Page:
Canada has launched a cybersecurity certification program to try and get small to midsize enterprises (SMEs) up to speed with a basic level of protection.
Launched at the University of New Brunswick’s Canadian Institute for Cybersecurity by Minister of Finance Bill Morneau, CyberSecure Canada is a voluntary program that will help small organizations achieve a minimum required level of cybersecurity, according to the government.
The initiative requires Canadian SMEs to stick to a baseline set of cybersecurity controls developed by the Canadian Centre for Cyber Security. These controls include establishing an incident response plan, regularly patching operating systems and applications, using security software and securely configuring devices. Other measures in the list include using strong user authentication, offering employee awareness training and backing up and encrypting data.
Those passing the certification can display a mark showing that they have demonstrated compliance with the controls. Those businesses will also be listed on the program’s website.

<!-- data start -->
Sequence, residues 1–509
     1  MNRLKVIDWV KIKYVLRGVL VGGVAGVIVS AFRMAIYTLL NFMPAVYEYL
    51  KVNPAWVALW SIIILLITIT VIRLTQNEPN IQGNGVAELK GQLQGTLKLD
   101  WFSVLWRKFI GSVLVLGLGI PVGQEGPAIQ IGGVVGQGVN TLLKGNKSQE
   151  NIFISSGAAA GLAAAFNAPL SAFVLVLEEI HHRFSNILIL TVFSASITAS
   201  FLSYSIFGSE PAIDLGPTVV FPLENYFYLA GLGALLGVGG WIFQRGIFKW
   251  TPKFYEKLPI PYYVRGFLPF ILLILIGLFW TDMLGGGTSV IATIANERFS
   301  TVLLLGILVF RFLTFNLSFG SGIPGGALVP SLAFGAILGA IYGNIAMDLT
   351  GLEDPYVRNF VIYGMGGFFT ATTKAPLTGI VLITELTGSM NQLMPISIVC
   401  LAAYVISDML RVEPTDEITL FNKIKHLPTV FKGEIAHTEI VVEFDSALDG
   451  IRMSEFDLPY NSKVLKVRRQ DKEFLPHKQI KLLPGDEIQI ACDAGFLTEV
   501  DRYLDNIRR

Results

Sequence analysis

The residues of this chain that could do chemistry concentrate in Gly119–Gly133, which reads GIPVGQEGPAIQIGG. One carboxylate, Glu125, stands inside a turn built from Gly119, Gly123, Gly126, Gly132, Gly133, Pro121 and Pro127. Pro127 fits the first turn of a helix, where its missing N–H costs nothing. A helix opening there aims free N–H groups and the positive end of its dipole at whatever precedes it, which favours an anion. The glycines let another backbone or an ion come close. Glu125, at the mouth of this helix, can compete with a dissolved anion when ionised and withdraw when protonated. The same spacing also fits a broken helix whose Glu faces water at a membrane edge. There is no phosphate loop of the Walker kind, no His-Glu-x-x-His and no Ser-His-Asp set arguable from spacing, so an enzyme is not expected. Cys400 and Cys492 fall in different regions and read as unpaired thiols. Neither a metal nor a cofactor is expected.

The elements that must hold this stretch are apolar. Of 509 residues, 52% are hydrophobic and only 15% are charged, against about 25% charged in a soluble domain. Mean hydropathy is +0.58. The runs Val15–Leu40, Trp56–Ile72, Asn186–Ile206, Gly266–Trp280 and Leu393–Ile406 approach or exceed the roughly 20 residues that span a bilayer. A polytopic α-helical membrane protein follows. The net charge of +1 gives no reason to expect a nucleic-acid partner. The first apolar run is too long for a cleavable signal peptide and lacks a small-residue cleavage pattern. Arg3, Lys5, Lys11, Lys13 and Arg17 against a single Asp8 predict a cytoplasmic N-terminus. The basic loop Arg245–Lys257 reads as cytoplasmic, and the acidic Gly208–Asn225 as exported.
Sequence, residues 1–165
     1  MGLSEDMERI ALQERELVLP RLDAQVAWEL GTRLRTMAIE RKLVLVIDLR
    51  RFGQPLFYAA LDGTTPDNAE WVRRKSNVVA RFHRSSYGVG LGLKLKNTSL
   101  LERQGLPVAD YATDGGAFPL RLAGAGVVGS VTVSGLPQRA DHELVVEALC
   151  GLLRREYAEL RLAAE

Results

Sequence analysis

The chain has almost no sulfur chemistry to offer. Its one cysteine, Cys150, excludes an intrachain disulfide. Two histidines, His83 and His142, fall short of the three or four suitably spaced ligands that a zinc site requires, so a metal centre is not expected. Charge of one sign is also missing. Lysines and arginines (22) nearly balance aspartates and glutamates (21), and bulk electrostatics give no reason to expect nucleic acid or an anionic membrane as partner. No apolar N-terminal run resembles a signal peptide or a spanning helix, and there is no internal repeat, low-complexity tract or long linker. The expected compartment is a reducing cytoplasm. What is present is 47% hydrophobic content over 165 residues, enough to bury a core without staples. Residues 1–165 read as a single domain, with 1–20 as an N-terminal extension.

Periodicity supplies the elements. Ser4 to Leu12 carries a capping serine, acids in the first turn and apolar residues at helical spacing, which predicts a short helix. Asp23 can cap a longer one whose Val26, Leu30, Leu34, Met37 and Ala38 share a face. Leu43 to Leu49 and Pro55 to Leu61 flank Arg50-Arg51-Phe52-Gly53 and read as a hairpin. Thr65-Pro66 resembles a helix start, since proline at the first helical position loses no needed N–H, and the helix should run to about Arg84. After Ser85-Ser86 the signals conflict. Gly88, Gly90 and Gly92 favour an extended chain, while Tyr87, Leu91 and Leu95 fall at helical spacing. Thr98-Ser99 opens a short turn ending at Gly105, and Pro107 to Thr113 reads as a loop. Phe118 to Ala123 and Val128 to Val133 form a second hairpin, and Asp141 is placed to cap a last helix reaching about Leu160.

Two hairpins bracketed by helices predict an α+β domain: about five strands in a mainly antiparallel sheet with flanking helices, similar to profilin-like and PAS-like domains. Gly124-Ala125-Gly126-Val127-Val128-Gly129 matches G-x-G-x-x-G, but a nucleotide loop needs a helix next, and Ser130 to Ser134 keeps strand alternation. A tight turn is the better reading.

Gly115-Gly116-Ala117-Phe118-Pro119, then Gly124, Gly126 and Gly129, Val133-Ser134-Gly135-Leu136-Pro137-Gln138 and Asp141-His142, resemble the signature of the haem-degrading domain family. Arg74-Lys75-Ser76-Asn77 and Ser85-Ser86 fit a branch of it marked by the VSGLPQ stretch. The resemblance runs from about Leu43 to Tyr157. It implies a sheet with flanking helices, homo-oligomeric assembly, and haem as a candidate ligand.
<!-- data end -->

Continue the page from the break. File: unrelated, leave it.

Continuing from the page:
The Canadian government uses six certification bodies to check that companies have implemented the controls properly: Cyber Security Canada, Bell Canada, Bulletproof Solutions, Siemens, SourcetekIT, and WatSec. If businesses are using products and services from these companies that already meet the security controls, then some of the companies may certify them for free, the government’s website says. Others may charge anywhere from a few hundred dollars to several thousand.
The certification lasts for two years, at which point businesses must go through the certification process again to continue using the certification mark.
The move follows growing concern over the cybersecurity preparedness of Canadian SMEs. In October, the Canadian Internet Registration Authority (CIRA) launched its 2018 Cybersecurity Security Survey, which gauged cybersecurity responses from 500 individuals at SMEs across Canada. It found that 40% of respondents had experienced a cyber-attack in the prior 12 months. Of the respondents, 88% were concerned with the prospect of future attacks, and 71% didn’t have a formal software patching policy.
Source: Infosecurity Magazine